Five Best Audio-Editing Applications

If you need a soundtrack to go with your film project, or you're a musician looking to produce the next big hit, a good audio editor is necessary to eliminate noise, convert files, edit tracks and output the finished product. We've rounded up five of the best audio-editing applications in this list, which includes both pure audio editors and Digital Audio Workstations (DAWs).

Photo by Arvind Grover.

If you're not sure of the difference, audio editors let you manage and splice existing files, while DAWs are more commonly used to create new music from scratch.

Audacity (Windows/Mac/Linux)

Free and open- source Audacity makes audio-editing simple and easy. If you you want to remove the noise from your music collection or normalise the volume, Audacity is a simple tool to master and gets the job done quickly. It supports a number of different file types, including MP3, OGG, WAV and AIFF, and it can even record live audio for editing and exporting later. It's no DAW, but Audacity's flexible features and zero price tag make it perfect for home projects, such as digitising old cassettes or vinyl. You can read more about Audacity's features here.

Adobe Audition (Windows/Mac)

Formerly known as Cool Edit Pro, Adobe Audition is a powerful suite that makes audio editing, splicing, remixing and restoration easy. It's pricey on its own ($585 in Australia), but it can be purchased as part of Creative Suite. Adobe retained much of Cool Edit Pro's user-friendly interface — it's easy to pick up, but in-depth features can take time to master completely. You can use the tool's built-in effects to add flair to your recordings, set up frequent changes in an action, and batch process dozens of audio files. You can read more about Audition's features here.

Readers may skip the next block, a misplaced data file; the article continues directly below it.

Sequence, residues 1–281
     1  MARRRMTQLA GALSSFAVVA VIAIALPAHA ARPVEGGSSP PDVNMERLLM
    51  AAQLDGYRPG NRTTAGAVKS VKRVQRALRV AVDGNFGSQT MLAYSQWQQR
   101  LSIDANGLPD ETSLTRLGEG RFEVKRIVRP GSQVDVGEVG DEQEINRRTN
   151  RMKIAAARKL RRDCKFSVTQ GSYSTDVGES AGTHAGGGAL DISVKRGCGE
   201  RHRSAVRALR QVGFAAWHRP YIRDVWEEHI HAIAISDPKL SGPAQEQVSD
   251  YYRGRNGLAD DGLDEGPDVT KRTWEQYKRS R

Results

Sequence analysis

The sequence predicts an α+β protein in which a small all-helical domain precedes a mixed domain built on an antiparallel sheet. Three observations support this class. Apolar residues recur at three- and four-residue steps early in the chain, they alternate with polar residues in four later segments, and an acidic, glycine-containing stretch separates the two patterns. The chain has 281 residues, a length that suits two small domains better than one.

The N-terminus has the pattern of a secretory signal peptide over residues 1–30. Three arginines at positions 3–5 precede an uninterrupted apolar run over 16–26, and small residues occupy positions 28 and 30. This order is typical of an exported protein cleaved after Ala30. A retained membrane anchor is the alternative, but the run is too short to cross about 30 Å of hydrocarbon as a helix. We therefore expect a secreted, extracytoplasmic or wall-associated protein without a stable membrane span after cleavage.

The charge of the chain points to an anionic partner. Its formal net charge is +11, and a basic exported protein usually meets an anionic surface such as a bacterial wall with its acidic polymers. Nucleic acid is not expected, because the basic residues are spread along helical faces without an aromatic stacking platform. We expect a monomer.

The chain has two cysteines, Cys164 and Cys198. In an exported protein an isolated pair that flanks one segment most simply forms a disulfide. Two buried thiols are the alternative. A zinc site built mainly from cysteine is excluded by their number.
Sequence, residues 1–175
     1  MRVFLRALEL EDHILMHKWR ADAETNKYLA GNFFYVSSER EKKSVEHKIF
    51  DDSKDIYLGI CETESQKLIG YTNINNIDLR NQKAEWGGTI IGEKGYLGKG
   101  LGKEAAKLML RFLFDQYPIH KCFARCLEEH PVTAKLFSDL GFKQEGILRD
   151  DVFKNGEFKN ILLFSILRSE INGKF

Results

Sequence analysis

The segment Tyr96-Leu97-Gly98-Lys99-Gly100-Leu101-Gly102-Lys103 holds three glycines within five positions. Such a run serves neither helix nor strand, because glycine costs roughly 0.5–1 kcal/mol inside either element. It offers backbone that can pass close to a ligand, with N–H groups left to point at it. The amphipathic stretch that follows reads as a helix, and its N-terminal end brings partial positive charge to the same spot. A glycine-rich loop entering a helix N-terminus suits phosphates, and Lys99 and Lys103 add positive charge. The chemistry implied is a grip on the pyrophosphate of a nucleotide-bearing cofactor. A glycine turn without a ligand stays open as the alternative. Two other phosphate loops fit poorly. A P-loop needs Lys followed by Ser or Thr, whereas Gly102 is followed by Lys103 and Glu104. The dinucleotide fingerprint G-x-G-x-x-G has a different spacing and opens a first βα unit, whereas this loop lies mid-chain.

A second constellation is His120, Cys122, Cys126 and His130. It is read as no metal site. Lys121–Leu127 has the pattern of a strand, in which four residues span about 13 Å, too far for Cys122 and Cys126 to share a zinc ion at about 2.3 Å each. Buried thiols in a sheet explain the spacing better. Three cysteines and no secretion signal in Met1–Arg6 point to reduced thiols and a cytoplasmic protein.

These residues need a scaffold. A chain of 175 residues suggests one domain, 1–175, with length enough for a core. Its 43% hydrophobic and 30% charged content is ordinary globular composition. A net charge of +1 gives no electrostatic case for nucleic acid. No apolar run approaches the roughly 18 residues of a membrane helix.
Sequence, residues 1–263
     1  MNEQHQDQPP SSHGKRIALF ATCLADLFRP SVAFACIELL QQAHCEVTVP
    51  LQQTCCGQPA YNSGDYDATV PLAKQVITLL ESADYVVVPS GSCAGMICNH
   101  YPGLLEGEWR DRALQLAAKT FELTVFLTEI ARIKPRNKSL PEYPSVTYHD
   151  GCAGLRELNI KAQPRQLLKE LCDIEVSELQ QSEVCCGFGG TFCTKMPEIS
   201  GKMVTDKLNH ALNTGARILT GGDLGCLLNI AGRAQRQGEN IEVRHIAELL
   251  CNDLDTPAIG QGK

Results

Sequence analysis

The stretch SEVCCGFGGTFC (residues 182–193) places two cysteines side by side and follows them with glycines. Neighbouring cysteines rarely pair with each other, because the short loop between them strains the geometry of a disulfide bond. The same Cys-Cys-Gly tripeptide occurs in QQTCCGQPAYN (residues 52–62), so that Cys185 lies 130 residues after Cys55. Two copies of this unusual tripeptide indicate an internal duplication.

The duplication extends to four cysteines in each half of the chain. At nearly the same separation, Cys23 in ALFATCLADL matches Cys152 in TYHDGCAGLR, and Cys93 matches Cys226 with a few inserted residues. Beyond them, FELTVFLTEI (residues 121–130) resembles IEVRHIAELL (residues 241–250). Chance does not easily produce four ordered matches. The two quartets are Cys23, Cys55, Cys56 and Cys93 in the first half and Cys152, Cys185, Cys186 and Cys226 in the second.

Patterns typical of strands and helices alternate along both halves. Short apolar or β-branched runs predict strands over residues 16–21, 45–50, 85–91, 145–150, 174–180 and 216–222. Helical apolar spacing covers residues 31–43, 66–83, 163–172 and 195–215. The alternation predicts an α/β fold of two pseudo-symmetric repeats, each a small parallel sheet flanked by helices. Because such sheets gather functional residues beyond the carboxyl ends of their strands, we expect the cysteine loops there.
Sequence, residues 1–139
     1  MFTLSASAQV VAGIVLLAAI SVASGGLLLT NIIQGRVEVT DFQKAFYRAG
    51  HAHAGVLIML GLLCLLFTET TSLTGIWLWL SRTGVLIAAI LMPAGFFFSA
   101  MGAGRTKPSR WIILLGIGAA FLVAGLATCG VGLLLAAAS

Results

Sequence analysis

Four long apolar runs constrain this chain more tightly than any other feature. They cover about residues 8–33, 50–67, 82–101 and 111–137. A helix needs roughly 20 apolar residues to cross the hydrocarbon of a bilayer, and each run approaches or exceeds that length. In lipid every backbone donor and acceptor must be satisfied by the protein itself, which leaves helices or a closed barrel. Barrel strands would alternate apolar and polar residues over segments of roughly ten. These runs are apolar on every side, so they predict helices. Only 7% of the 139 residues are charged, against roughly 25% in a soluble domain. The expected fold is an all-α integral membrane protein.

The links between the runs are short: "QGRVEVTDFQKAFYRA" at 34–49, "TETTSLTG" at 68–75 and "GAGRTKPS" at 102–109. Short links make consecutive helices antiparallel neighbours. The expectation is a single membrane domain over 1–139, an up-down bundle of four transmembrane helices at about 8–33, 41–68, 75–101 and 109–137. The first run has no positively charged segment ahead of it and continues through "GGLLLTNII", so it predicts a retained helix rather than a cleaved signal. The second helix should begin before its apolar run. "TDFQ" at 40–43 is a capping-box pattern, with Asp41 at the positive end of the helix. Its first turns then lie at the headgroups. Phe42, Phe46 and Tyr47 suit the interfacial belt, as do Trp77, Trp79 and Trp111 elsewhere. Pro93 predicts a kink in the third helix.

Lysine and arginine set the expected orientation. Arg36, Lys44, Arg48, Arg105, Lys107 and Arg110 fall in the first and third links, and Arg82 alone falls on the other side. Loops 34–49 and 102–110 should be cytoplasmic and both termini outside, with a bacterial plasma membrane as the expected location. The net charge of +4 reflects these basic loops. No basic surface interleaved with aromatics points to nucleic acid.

Avid Pro Tools (Windows/Mac)

Avid Pro Tools is more of a DAW, although it can edit existing audio too. Professional musicians use Pro Tools for studio recordings and album mixes, DJs use it to correct mistakes in their mixes after the fact, and music producers can assemble entire albums in a fraction of the time required with other tools. That power will cost you — $769 for the base version — but for the money you get an industry-standard, studio-grade tool that supports anything you send its way. Pro Tools also has a wealth of plugins to extend its functionality, works seamlessly with studio equipment, and has its own music composition tools and instruments built-in. You can read more about Pro Tools' features here.

Reaper

Reaper is another DAW praised for its flexible and deep feature set, customisation options, and the fact that it's a lightweight application — especially when compared with other DAWs with similar feature sets. It sports a number of plugins that can extend its functionality, and even non-professional users can pick it up and work with it fairly quickly. Reaper works just as well if you want to record music from professional gear or an amateur setup, or if you want to make music entirely with your computer. Reaper features hundreds of built-in effects and features to make your music really shine, and it has a huge and vibrant community of users. Oh, and the price tag is nice — it will only set you back $US60 for individual, non-profit or small business use. Even the full commercial licence is just $US225. That's a lot of power for relatively little cash. You can read more about Reaper's features here.

Ableton Live

Ableton Live draws a bright line between making music and editing audio files. It's a very powerful DAW and popular for its professional-grade features, specifically geared towards live recordings. It sports a huge number of features for the advanced user, and caters to both live musicians and DJs alike. If you want to edit existing files, you may have a hard time getting around Ableton's features, but it does support virtually any type of audio you try to import. You can read more about all of Ableton Live's features here.